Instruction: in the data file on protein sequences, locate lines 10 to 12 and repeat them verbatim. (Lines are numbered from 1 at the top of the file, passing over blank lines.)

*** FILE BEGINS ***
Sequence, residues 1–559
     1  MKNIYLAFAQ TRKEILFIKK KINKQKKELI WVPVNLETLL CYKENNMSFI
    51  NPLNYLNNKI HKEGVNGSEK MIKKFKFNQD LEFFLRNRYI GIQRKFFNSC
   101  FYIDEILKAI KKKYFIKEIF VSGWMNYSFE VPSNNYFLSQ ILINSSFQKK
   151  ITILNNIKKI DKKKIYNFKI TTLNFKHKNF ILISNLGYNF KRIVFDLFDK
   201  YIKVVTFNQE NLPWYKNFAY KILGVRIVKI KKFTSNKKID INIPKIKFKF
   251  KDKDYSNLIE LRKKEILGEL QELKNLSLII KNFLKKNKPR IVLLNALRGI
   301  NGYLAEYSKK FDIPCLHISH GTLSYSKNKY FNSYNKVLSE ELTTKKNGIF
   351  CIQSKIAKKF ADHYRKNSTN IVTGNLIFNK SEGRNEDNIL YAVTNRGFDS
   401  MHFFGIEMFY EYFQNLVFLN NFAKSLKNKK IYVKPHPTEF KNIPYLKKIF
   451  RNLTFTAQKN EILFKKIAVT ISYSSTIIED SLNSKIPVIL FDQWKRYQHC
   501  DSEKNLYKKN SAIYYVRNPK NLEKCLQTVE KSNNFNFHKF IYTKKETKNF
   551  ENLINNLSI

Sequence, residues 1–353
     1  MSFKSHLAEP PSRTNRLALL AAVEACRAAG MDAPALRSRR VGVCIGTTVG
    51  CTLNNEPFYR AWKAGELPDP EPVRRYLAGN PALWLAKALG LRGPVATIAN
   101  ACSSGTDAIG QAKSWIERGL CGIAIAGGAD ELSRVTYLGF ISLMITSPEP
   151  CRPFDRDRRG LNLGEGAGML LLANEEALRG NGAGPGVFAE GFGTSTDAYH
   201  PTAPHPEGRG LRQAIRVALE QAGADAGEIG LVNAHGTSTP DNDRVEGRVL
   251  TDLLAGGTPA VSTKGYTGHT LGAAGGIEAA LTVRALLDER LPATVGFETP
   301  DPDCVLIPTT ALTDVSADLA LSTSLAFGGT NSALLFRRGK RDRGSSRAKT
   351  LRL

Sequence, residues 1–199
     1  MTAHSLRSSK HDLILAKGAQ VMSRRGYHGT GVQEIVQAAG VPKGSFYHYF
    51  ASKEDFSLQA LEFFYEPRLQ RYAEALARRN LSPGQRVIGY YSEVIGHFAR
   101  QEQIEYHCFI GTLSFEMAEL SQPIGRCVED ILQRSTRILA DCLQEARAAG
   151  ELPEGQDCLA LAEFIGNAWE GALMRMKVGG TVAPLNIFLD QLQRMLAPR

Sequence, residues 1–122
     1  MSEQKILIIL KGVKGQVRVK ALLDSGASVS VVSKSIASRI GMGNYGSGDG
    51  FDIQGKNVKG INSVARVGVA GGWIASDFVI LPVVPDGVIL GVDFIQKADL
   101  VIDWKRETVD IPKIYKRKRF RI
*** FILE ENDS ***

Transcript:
   401  MHFFGIEMFY EYFQNLVFLN NFAKSLKNKK IYVKPHPTEF KNIPYLKKIF
   451  RNLTFTAQKN EILFKKIAVT ISYSSTIIED SLNSKIPVIL FDQWKRYQHC
   501  DSEKNLYKKN SAIYYVRNPK NLEKCLQTVE KSNNFNFHKF IYTKKETKNF